Inspired by... blog

28 May 2013

A beginner's guide to fashion trend forecasting with Geraldine Wharry

I recently interviewed fashion forecaster Geraldine Wharry who has worked with and for major brands including trend forecaster WGSN.  I asked her about the art of trend forecasting, and what's next for 2013/14. 

Geraldine Wharry

Tell us a little bit about yourself…
I've been a fashion designer for 13 years and have always had a strong eye for trends so I naturally evolved into trend forecasting when I moved to London after living in Los Angeles and New York. I was born, raised and studied fashion in Paris but my mother's a New Yorker and my father is British. When I finished design school I immediately went to NY so I'm multi-cultural, have lived in the main fashion capitals and basically understand the global aspect of design. I learnt the craft of fashion design with brands such as 7 for all Mankind, Ripcurl, and Triple 5 Soul and branched into trend forecasting at WGSN, where I was in charge of forecasting future trends for Womenswear. I'm now a fashion trend consultant based in London, travelling frequently to Paris and New York. My philosophy is work hard, be creative and share ideas.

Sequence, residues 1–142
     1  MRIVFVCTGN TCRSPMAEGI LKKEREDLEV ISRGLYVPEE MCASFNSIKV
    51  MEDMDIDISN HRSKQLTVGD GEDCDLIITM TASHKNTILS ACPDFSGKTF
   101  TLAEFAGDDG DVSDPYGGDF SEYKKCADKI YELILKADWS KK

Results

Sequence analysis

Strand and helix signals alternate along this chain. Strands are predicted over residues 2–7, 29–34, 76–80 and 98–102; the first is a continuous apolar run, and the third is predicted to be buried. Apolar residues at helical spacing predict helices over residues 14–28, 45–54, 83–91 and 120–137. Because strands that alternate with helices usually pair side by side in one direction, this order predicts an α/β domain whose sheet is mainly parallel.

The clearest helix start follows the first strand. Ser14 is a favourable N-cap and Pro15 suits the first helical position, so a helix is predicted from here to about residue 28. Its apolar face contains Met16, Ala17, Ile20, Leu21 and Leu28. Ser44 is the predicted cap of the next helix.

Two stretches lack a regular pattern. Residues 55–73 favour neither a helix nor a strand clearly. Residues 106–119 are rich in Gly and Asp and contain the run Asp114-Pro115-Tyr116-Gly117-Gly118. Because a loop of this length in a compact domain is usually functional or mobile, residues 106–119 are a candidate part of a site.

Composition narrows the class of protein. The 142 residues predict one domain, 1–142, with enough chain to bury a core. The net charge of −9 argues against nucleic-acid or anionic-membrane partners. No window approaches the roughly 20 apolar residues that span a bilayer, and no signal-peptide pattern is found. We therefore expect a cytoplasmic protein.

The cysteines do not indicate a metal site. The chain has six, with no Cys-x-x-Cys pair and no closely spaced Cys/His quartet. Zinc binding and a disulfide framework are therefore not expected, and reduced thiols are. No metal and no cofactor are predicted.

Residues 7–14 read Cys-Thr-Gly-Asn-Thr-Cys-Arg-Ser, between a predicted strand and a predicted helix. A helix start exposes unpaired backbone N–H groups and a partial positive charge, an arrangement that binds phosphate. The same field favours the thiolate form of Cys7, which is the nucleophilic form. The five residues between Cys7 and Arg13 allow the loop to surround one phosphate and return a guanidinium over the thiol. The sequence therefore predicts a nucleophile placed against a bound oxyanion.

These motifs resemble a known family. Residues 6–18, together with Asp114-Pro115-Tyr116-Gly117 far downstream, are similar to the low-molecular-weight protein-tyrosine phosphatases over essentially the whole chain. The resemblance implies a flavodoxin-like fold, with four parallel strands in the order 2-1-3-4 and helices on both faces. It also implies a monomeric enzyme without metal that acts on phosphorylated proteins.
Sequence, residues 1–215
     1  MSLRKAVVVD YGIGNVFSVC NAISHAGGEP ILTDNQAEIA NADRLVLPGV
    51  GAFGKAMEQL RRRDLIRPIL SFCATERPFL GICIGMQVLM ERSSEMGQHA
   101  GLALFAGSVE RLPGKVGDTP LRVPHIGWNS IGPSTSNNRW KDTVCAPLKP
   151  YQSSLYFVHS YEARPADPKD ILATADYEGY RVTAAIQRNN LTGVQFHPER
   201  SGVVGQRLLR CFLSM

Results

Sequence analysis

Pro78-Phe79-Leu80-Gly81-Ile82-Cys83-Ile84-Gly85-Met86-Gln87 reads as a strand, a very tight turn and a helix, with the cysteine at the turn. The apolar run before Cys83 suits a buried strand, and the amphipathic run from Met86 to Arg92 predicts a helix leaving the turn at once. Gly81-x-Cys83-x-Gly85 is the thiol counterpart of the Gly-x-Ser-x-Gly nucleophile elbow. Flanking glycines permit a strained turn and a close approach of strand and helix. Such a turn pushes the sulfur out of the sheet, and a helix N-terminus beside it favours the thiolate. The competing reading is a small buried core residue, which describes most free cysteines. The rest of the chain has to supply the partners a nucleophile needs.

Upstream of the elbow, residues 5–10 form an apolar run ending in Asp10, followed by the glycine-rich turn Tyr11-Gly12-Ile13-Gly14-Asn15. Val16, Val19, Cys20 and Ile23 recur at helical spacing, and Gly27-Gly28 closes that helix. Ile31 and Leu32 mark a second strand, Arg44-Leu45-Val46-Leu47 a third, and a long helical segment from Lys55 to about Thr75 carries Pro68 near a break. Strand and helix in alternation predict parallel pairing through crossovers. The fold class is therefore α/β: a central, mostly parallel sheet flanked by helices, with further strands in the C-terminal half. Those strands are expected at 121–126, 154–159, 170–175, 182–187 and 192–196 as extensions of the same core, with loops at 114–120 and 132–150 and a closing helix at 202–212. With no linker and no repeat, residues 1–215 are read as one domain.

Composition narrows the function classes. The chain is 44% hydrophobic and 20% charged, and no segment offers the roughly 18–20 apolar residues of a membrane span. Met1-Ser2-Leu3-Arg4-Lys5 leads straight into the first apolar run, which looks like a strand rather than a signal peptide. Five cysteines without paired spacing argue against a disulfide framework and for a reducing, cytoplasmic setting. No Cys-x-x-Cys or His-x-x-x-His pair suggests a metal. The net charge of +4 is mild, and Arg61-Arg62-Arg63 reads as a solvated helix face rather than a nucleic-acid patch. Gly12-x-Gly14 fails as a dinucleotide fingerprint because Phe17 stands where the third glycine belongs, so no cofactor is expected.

Can you give us a summary of how trend forecasting works?
Identifying a trend is a continuous effort of compiling observations. I call it "hunting and gathering". It requires a lot of curiosity and interest in a wide array of subjects ranging from art and design, reaching over to science, technology, socio-economics, food as well as travel to name a few.

Whilst gathering facts, at the root of it is also a personal intuition and an eye for what's next, that can't be taught or necessarily explained. Personally I'm constantly collecting ideas and images and have built an archive over many years of designing and researching. Once I see there is a flurry of images with one particular thread running through, it's very easy to see this is a trend, although sometimes a single image can be so powerful that it triggers an instant conviction.